Dr. Omari Sheehy D.D.S. – A Doctor Like You!

omariSpecialty: General Dentistry

Current Institution: Tampa Family Health Centers Inc.

Dental School: Meharry Medical College

Undergraduate: Hampton University

1) When did you decide you wanted to become a Dentist and what led to this decision?   I decided to become a dentist after I graduated from college. Throughout college I was a pre-med student and was not sure if I wanted to go to medical school. I had a close friend that was being accepted into Columbia dental school and was trying to convince me to give dentistry some consideration as a career choice. At first I was completely against even considering this option. Who wants to be in someone’s mouth all day? After some convincing, I found a local dentist that would allow me to shadow him. It was this experience that opened my eyes to dentistry and I was immediately drawn to the profession. I am truly thankful for my friend who pushed me to open my perspective on health care careers and the dentist who introduced me to dentistry.

2) What was the most difficult part of getting into Dental School for you?  Self-doubt! The most difficult part of getting into dental school was deciding in my own mind that dentistry was what I truly wanted to pursue and that I was capable of becoming a health care professional. I have talked to a lot of classmates and other dental / medical graduates. Surprisingly, many admit to some degree of self-doubt. I think this was the biggest hurdle for me. I had to completely commit myself to studying for the DAT and not allow anyone, in particularly myself, discourage me from achieving my goals.

3) How did you study for the DAT? How do you recommend students study for the DAT? I used Kaplan to study for the DAT. I think this was a great help in narrowing the information for me. I would recommend using study materials like Kaplan to study for the exam. The DAT doesn’t test the quality of care you will provide in your profession or your level of critical thinking. It tests your preparation and dedication. So dedicate yourself to studying for the test and ace it!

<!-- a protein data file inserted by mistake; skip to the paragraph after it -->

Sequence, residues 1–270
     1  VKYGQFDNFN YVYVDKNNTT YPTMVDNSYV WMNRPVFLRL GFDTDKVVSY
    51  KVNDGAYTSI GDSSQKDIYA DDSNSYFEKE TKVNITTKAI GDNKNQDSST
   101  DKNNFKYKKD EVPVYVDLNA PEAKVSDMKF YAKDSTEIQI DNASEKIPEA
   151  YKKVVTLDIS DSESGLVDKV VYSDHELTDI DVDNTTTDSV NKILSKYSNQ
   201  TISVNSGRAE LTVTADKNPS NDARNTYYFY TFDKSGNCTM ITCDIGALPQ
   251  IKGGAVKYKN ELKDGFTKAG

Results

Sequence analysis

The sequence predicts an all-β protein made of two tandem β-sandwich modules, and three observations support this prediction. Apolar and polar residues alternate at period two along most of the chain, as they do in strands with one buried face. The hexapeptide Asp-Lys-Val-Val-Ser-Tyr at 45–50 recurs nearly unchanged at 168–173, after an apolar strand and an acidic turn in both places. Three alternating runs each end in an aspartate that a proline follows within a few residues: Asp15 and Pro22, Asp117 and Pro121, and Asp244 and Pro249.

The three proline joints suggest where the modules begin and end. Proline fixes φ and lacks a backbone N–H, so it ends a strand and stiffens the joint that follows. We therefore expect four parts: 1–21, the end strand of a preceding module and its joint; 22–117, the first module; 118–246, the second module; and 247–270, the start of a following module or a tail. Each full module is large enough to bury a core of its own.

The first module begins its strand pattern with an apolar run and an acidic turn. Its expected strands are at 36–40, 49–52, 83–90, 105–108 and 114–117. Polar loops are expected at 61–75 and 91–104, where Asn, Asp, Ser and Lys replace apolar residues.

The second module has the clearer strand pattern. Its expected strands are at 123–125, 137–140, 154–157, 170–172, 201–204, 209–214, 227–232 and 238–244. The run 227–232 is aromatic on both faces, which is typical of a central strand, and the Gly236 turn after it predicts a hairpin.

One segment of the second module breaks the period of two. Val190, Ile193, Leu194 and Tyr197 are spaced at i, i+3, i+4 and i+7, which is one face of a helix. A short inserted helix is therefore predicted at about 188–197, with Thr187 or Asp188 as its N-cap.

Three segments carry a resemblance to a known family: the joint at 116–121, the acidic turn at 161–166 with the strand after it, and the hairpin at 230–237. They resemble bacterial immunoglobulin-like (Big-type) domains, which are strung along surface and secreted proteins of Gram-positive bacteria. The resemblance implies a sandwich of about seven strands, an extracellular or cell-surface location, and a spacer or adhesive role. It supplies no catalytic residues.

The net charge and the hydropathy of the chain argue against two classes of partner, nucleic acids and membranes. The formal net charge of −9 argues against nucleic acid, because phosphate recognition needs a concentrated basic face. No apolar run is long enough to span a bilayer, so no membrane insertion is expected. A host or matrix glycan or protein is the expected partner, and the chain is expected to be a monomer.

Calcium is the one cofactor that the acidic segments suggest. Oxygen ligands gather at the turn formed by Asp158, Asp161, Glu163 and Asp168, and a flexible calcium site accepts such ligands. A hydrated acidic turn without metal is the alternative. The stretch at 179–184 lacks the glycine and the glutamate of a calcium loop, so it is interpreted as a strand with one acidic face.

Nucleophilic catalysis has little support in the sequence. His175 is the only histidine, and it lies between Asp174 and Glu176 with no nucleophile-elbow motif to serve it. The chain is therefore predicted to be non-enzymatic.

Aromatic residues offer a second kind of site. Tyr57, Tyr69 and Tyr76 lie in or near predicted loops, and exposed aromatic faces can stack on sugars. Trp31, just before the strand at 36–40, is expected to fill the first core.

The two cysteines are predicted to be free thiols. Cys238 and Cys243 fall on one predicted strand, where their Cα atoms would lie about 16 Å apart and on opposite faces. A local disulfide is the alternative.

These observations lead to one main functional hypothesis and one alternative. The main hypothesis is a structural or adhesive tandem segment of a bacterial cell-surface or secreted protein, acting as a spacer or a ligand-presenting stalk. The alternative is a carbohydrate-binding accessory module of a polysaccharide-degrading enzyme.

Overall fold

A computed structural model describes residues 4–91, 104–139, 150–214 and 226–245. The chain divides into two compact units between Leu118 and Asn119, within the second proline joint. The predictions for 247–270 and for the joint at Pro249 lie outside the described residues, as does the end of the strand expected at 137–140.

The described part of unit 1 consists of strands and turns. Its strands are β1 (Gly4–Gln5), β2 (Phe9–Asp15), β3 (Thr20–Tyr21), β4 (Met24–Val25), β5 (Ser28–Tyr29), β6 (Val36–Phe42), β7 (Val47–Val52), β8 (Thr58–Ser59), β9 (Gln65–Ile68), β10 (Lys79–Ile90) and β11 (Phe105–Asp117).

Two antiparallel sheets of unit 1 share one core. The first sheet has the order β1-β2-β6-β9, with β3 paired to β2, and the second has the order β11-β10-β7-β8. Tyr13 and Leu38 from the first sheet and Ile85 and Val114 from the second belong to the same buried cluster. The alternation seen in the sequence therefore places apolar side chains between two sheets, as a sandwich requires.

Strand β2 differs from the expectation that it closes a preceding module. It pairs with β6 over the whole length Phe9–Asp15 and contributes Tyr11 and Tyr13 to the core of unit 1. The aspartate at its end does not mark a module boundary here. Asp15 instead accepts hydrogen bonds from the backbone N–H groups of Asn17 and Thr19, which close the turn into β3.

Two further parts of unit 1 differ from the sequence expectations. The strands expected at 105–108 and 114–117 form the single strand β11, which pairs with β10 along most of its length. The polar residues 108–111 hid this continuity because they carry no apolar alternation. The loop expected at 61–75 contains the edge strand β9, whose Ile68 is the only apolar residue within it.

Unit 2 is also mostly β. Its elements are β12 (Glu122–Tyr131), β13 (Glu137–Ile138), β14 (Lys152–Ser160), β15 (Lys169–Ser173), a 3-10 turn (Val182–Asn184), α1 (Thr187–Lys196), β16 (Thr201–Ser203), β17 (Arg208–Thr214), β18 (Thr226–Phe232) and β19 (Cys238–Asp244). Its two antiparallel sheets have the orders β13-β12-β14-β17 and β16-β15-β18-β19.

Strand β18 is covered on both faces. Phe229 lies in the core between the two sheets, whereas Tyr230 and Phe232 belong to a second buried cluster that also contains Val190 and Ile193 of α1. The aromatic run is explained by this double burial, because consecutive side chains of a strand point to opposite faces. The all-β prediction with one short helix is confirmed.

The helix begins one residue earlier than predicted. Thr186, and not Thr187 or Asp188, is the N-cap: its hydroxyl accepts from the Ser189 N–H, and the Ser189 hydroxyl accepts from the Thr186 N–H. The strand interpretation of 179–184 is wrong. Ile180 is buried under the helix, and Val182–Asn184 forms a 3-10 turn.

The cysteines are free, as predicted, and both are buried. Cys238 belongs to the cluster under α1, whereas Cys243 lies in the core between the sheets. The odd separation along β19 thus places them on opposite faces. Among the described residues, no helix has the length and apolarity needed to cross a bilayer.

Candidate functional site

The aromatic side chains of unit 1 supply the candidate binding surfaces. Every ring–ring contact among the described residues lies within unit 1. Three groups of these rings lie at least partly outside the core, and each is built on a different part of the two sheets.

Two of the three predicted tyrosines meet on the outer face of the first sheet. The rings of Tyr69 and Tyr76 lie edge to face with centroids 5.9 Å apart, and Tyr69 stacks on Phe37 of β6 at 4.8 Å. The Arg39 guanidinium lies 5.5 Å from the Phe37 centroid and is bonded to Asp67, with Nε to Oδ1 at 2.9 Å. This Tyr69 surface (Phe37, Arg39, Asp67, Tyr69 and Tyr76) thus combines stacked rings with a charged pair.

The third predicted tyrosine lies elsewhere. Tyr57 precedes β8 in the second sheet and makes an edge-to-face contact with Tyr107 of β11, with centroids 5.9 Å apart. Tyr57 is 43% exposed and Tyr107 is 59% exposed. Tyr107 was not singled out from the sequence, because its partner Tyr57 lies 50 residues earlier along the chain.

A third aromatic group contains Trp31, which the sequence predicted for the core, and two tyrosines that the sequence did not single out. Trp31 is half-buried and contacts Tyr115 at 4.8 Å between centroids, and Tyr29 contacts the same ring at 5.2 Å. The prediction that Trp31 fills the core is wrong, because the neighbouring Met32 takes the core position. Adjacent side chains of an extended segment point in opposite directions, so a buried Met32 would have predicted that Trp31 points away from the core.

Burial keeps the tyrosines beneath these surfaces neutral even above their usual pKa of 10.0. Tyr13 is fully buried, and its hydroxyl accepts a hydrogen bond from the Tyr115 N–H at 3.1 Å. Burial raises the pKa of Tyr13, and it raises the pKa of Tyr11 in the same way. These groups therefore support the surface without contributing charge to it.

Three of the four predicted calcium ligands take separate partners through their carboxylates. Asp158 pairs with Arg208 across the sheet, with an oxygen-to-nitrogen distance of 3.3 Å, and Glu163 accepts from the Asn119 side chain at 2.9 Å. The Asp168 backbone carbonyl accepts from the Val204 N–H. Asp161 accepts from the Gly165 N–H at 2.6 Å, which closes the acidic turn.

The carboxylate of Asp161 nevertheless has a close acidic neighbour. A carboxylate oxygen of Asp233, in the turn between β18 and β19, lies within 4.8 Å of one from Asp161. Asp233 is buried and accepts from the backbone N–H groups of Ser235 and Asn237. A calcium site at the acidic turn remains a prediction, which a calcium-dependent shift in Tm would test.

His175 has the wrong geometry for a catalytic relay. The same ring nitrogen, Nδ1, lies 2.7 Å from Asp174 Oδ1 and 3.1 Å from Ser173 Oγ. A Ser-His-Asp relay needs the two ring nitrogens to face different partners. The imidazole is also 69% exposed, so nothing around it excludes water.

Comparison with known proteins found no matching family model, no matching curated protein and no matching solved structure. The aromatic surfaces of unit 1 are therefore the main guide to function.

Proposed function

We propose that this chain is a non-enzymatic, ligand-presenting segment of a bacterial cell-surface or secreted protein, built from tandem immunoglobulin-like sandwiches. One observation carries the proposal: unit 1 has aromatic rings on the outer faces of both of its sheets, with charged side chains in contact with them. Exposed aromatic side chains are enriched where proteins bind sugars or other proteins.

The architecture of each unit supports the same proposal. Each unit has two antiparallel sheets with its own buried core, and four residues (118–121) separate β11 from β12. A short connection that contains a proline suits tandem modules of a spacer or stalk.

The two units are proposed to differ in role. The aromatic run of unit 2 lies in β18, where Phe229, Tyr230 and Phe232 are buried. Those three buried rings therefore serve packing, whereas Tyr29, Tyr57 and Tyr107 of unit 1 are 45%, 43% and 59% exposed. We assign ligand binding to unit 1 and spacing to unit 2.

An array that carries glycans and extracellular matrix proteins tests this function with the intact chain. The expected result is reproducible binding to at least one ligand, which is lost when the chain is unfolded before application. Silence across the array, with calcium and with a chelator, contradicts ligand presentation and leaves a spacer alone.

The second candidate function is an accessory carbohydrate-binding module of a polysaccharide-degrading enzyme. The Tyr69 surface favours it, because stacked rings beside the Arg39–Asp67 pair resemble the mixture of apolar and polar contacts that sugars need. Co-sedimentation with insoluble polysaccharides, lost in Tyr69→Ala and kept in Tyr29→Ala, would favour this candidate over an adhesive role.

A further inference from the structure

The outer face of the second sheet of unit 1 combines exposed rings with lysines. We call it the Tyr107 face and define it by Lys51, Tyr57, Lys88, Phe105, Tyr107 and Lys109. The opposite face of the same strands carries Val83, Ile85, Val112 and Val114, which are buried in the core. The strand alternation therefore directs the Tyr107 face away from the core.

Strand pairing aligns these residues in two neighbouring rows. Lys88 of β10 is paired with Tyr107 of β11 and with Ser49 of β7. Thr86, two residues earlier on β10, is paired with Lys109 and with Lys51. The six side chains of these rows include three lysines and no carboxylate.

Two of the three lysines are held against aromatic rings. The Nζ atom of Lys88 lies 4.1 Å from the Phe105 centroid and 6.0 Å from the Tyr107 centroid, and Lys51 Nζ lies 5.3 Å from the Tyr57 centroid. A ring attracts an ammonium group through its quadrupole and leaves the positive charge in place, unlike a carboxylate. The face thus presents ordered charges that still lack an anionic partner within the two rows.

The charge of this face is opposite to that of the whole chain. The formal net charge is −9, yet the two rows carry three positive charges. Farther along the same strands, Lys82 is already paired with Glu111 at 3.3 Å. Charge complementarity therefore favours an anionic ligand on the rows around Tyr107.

4) What did you do during your undergraduate summers? It is important to have good summer internship experiences. I personally was involved in two great experiences. The first was the SMEP program at Duke University. This program, in the summer after my freshman year,  gave me a great introduction into the medical field. It was a well structured program that introduced undergraduates to the many areas and specialties in medicine. The second program was a research program at the Harvard University School of Public Health. In this program I was paired with a lab and given a research project to complete before the summer ended. Admissions committees look for these types of experiences on your application. I would recommend applying to programs and trying to fill your summers with these types of experiences instead of looking for summer jobs like many people do. Many programs will provide a stipend that supplies housing and food for the summer. Programs such as these are critical in forming a well rounded resume for the admissions process.